Japanese automakers forge ahead with EV investments despite slowdown

Japanese automakers forge ahead with EV investments despite slowdown

Automotive News Europe — 2024-02-19

Automotive Industry

Japan’s automakers are maintaining their investments in electric vehicles despite cooling sales.

EV sales growth is slowing executives have said this earnings season, but this has not come as a shock to manufacturers that largely have been content to let the rest of the world race to electrify before batteries are cheap and enough charging infrastructure is built.

In other words, Japan’s auto companies knew car buyers were not ready just yet to go electric as quickly as some hoped.

The customer decides the speed of electrification,” Stephen Ma, Nissan’s chief financial officer, said this month. “Electrification is not linear growth, a straight line. It will go up and down. But long term, it will grow.

Automakers including Tesla have been resetting expectations as the pace of EV expansion slows. Many consumers hit by high inflation and interest rates still find EVs to be out of reach, and several automakers have yet to roll out products that appeal beyond luxury buyers or early adopters.

These factors have helped fuel record hybrid sales for Toyota, an automaker that only launched its first mass-market full-electric vehicle, the bZ4X in 2022.

A weaker yen also is boosting profits across Japan’s auto sector, giving companies room to bide their time to build capacity and develop EVs at a more deliberate pace.

“There is always the danger that a hybrid becomes so attractive to an incumbent like Toyota, that they get trapped in it as well, and therefore are too slow in responding to the disruption” said Nathan Furr, a professor of strategy at the Insead business school in France.

There was a time when I worried this would be the case for Toyota. But now we are seeing a slowdown in the adoption and enthusiasm for EVs among consumers, so perhaps it is a wise strategy.”

Honda CFO Eiji Fujimura said this month the company knew a slowdown in EVs could happen. Even so, he said “electrification must go forward” to achieve carbon neutrality, and the automaker will keep pushing forward with its EV strategy.

Subaru Executive Vice President Tomoaki Emori said the company factored in the possibility that the EV market will reach a growth plateau when formulating its 1.5tn yen ($10bn) investment plan for electrification.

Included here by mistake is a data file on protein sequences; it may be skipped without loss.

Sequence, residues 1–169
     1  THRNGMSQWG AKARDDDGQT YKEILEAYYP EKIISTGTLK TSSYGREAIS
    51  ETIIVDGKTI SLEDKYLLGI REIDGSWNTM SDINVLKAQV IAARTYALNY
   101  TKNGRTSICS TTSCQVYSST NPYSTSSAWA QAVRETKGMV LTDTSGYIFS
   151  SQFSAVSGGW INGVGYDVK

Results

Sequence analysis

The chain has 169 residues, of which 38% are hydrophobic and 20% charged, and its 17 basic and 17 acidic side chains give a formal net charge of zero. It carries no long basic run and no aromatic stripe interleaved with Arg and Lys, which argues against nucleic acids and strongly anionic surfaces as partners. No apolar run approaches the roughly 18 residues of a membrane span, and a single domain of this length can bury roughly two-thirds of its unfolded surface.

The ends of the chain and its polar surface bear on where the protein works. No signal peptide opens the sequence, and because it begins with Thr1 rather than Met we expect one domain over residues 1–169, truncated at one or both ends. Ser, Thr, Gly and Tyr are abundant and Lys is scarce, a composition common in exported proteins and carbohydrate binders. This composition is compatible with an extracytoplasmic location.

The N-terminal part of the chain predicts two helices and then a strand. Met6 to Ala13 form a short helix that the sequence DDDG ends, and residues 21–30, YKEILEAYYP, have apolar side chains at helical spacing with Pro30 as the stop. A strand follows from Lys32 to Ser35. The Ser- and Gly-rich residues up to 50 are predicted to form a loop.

Nissan, for its part, committed 2 trillion yen in 2021 to accelerate electrification over a five-year timespan. Ma said the company will make necessary investments to offer the right products to its customers.

No other Japanese automaker has drawn as much criticism from environmental groups and some investors for its deliberative approach as Toyota, which has said that hybrids, alternative fuels including hydrogen and other technologies are needed in addition to battery EVs.

Toyota CFO Yoichi Miyazaki said hybrids that do not require charging infrastructure are drawing consumer support as “a realistic solution.

The world’s No. 1 carmaker is now preparing to sell 5m gasoline-electric vehicles annually as soon as 2025, a year earlier than previously expected.

Toyota, Honda and Panasonic — which supplies car batteries to Tesla and Toyota — were the only Japanese businesses in the top 20 companies pledging foreign direct investment in EV-related activities between 2016 and 2022, according to the Financial Times’ database fDi Markets.

Outside of Japan, signs of a scaling back are everywhere, with the exception of China.

Ford is reducing the number of workers making its F-150 Lightning truck, while General Motors has delayed plans to expand its electric pickup production.

Renault scrapped plans to list its electric-vehicle business, and Volkswagen Group has put off efforts to seek outside investors for its battery unit.

Tesla warned that its rate of expansion will be “notably lower” this year, and staff are bracing for potential job cuts, Bloomberg News reported earlier this month. The EV manufacturer’s shares have declined about 20% this year.

Despite the continued success of hybrids, Toyota’s Miyazaki said the company does not believe they are all that is needed. Toyota will continue to pursue a full lineup that includes battery-electric, plug-in hybrid and hydrogen powertrains to “be ready to respond to any demand that comes our way,” he said.